Newsletter issue: June 2014

Anna Esaki-Smith
Editorial Director
Education Intelligence, British Council

Dear colleagues,

 

It's officially summer, which to many students means internships. We recently conducted a focus group of university students from Hong Kong, those studying at home and those in the UK, about the importance of internships. Considering today's competitive marketplace, we were not surprised to find uniform agreement that having such experience was key to building a successful resume, in an environment where employers seek graduates with evidence of personal initiative, basic interpersonal skills and discipline.

 

I'm sure many of you will agree that a summer spent waiting tables at a restaurant or working as a lifeguard at a town pool might offer young people the same opportunity to develop and mature into employable graduates. Corporate employers we have spoken to say they would certainly appreciate those efforts, but when they are recruiting, how would students with those experiences compare with others bearing glossy internships at multinational corporations and investment banks?

 

On a not entirely unrelated note, we offer a new Partnership Access report this month, Dual degrees: Trends, opportunities and challenges, focusing on a growing trend. While institutions may pursue this route as a step in their internationalisation agendas, it's not inconceivable that students find degrees that offer options in a multitude of countries to be yet another way to chalk up global experience even while still at the undergraduate level.

 

Best regards,  


Anna Esaki-Smith

Editorial Director

Education Intelligence, British Council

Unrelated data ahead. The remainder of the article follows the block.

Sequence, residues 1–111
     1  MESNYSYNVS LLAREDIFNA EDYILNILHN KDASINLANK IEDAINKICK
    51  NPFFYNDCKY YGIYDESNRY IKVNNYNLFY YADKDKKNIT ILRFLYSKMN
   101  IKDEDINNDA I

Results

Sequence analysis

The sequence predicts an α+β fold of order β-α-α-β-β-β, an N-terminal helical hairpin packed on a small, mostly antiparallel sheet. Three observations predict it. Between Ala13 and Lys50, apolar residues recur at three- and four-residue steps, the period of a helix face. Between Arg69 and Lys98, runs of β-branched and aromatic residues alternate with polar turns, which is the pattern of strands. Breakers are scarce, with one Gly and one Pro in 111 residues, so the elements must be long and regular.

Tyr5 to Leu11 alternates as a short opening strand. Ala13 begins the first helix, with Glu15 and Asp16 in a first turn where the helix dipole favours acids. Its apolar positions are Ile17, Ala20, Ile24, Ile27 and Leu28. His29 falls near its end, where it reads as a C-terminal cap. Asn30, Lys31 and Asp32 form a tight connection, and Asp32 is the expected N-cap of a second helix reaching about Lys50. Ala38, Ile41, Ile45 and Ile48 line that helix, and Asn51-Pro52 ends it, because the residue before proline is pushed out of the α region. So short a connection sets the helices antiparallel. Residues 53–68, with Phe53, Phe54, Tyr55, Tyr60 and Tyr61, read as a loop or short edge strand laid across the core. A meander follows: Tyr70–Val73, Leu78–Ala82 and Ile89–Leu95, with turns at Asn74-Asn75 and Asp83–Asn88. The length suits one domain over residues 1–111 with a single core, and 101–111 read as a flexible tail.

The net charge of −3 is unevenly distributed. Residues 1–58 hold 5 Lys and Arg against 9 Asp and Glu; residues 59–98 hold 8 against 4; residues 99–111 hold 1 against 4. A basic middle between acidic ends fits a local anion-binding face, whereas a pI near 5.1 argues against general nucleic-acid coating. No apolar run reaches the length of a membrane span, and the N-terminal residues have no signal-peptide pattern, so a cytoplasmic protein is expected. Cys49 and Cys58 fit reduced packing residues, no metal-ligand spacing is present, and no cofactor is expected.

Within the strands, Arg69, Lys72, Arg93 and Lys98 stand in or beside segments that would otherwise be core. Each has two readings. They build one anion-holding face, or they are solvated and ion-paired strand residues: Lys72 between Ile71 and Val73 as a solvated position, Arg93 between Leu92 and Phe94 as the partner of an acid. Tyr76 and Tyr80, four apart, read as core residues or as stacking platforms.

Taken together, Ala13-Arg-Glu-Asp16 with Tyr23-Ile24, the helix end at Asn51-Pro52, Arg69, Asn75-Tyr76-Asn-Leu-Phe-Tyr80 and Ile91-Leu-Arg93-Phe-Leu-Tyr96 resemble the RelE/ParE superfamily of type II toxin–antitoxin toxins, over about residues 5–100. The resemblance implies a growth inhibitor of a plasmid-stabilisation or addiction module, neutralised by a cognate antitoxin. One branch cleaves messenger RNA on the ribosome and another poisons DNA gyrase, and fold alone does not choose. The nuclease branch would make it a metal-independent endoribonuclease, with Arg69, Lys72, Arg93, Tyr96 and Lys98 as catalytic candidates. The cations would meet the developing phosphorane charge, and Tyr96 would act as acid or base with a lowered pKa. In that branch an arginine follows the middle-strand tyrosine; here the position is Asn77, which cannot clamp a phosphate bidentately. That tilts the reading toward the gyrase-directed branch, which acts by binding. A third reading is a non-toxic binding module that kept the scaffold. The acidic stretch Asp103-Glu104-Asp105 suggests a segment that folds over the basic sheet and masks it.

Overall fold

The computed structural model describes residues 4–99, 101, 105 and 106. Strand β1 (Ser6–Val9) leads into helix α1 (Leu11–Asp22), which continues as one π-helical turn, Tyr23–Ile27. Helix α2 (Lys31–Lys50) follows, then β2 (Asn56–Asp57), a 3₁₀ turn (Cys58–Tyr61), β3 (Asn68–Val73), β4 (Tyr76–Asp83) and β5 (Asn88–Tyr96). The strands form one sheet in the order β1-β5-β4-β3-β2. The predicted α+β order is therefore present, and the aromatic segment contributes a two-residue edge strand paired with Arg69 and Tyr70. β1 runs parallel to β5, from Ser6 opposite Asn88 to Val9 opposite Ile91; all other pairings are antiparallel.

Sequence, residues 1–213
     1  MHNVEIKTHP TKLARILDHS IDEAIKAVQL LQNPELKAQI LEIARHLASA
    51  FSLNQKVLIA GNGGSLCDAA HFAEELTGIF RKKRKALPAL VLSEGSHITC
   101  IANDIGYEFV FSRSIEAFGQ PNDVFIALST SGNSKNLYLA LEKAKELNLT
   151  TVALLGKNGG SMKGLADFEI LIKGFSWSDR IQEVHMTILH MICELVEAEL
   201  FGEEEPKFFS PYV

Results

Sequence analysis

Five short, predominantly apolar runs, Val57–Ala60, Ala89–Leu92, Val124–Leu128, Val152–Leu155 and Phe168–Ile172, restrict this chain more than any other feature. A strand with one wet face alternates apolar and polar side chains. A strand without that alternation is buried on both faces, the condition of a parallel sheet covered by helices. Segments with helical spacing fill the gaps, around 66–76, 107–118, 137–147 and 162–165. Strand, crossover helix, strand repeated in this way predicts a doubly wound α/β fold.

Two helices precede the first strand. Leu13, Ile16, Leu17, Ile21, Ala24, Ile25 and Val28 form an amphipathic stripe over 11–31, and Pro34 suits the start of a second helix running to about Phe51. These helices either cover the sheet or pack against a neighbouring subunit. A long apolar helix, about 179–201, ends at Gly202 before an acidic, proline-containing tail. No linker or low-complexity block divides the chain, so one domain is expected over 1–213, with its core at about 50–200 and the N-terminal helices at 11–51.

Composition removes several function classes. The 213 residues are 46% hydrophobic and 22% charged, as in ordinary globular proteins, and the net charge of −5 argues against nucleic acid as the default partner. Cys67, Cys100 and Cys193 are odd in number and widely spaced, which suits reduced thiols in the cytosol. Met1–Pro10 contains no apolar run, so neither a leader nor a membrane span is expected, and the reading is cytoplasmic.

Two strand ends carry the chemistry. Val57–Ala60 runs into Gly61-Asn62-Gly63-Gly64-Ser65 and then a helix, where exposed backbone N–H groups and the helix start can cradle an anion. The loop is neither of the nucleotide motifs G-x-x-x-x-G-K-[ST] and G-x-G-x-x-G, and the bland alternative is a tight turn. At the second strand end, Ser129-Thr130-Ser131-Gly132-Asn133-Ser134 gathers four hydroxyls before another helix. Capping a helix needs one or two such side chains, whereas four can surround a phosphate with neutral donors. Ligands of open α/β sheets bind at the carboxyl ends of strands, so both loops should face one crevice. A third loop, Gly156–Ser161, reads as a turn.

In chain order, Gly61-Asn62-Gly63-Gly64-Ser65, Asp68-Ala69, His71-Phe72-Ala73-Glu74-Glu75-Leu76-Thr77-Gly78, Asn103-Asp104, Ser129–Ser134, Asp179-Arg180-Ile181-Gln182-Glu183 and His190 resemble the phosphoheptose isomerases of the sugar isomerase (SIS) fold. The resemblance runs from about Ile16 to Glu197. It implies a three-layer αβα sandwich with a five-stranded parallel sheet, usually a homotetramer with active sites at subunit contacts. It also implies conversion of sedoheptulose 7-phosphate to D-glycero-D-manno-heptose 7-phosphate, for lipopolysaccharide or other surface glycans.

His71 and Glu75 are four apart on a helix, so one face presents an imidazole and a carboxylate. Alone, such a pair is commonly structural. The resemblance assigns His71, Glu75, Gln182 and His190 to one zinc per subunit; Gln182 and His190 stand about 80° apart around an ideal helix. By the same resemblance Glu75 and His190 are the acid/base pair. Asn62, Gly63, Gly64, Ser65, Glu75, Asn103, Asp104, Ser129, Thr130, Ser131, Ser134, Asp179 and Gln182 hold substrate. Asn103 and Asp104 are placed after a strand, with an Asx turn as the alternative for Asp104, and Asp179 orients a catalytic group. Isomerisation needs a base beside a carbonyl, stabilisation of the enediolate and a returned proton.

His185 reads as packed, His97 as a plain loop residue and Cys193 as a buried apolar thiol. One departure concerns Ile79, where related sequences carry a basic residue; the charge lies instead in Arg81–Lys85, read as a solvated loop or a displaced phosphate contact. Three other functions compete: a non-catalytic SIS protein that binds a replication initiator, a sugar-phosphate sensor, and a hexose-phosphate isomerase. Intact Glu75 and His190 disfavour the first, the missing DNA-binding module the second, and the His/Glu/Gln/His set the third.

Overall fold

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Spotlight - the latest news and views 

 

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New research: Revelations and realities 

 

Up close and personal with... 

 

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Spotlight - the latest news and views 

Ten fast facts about Japan 

 

Every month, the Education Intelligence newsletter features a market from our Country Brief series, and provides ten firm facts from the most current report. Last issue we featured "Ten fast facts about Pakistan," which was among the most-popular items in the newsletter. This time we get the lowdown on Japan.

 

News alerts  

China now the world's third most popular study destination 

 

A report from the US-based Institute of International Education's Project Atlas notes that China hosted nearly 330,000 foreign students in 2012, with only the US and UK home to larger international student populations in higher education.

 


Global push to reduce dropout rates 

 

With the significant expansion of tertiary education in recent decades, it is inevitable that dropout students grow to be a distinctive group in future. As a result, dropout rates have become a cause for concern as governments around the world look at ways to improve university retention.

 


Explosive growth of social video opens new channel for student recruiters 

 

Social video is one of the newest means (but not new) for students to find out more information about their higher education options. Meanwhile, student recruiters have another channel which allows them to connect with their prospective audience.

 


Asia: Does university R&D really create economic growth? 

 

David Matthews, from Times Higher Education, elaborates on the findings in a United Nations report on Asian higher education which has questioned whether investment in university research leads to economic growth.

 

New research: Revelations and realities 

New Ghana and Mexico Country Brief reports now available